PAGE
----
Ghost in the Shell: Review


One of the glaring omissions in my film knowledge is Mamoru Oshii’s 1995 cult-anime, Ghost in the Shell; a film based on the manga by Masamune Shirow, which I know many hold a deep fondness for. But even with no expectations whatsoever for Rupert Sanders’ controversial American adaptation/remake, I was still left hugely disappointed by this sci-fi which, as visually extraordinary as it is, is still soul-destroyingly dull. 

Dealing with a convention of the genre that we’ve all seen before, the biggest issue is that the story, which deals with the relationship between technology and humanity (the physical and the soul) doesn’t do anything that’s particularly new or different. Basically, if you’ve ever seen Blade Runner, you’ve seen this. And even if you’ve seen a film before, any film, chances are you’ll know exactly how the story is going to play out within the opening ten-minutes. As a result, the various twists and turns of the plot fail to have the impact that Sanders is often trying to create; often proving more head-shakingly laughable than surprising.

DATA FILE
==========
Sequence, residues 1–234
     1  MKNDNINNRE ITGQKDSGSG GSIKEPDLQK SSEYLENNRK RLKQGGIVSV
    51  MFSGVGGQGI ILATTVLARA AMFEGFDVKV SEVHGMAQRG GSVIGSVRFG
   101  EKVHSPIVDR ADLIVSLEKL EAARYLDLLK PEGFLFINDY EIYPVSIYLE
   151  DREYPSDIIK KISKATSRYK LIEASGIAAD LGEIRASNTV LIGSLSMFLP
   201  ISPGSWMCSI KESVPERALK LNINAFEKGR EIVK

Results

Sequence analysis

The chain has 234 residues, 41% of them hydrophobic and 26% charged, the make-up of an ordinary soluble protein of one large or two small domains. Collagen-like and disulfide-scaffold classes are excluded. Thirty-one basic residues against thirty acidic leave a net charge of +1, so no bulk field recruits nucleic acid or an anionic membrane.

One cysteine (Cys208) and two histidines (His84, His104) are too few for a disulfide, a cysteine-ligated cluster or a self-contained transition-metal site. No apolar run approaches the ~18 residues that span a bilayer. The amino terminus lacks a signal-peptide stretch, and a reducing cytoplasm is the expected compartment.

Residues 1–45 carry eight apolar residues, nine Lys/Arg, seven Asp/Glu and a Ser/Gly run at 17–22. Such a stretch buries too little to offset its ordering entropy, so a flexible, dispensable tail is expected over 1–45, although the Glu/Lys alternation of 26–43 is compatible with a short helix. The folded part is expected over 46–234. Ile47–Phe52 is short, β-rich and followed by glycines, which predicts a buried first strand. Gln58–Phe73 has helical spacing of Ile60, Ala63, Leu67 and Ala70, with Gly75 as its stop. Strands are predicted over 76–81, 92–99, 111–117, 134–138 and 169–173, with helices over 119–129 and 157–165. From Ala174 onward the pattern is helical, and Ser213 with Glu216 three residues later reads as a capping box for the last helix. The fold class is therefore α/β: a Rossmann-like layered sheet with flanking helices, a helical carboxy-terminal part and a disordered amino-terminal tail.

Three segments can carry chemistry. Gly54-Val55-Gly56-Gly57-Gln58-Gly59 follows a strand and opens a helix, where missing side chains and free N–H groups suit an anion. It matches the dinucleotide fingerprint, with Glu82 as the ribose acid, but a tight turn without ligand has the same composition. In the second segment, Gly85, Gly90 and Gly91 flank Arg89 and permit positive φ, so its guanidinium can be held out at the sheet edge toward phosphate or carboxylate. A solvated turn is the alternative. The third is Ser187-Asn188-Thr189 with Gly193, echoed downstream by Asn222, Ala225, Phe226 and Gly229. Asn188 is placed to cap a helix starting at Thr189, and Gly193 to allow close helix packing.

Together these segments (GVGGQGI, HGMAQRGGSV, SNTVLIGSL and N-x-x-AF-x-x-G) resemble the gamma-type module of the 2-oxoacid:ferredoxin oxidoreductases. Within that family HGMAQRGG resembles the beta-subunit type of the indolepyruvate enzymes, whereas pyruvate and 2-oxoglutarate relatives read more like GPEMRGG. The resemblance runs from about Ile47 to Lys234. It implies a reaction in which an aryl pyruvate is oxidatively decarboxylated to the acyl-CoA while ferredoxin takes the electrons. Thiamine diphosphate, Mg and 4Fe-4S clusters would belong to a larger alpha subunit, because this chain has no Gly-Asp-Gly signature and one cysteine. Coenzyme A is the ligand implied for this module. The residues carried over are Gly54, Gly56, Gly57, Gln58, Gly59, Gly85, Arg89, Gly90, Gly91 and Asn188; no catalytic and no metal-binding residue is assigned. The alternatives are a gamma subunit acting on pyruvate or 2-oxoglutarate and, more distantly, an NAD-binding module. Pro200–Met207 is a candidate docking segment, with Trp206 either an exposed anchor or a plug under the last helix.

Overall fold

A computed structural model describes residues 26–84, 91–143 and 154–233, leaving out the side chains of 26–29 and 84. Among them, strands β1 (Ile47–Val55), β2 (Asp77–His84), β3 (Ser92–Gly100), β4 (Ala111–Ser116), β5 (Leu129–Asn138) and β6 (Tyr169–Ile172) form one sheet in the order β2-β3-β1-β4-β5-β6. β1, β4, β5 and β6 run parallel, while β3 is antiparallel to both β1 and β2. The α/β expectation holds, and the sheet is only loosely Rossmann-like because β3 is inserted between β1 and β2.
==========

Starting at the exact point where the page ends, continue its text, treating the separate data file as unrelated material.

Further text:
There are a number of redeeming qualities, all of which lie within the actual production of the film itself. Whitewashing aside, Scarlett Johansson gives a masterful performance as the cyber-enhanced (cyborg), Major. It’s a complex role that’s all about the way in which Johansson carries herself with an almost-robotic physicallity, while trying to reflect some kind of emotion and humanity at particular stages in the film – a tough balancing act that she manages to pull off.

Most memorable of all, however, is the world in which Sanders has built for the screen with the help of Jess Williams’ cinematography and first class visual effects. Within the film’s opening moments, it proves to be more visually arresting than most I’ve seen this year, and when complimented with the fantastic synth score from Lorne Balfe and Clint Mansell, the shell itself is something quite special. A shame then that the content is so painfully boring that it genuinely nearly put me to sleep. 

Whilst I’m unable to compare this to the original source material, what I’ve seen from this version of Ghost in the Shell hasn’t exactly made me want to rush out and do so. The physical elements of the piece, from the performances to the neon visuals, are all fine, but it is sorely lacking when it comes to the exploration of the soul.

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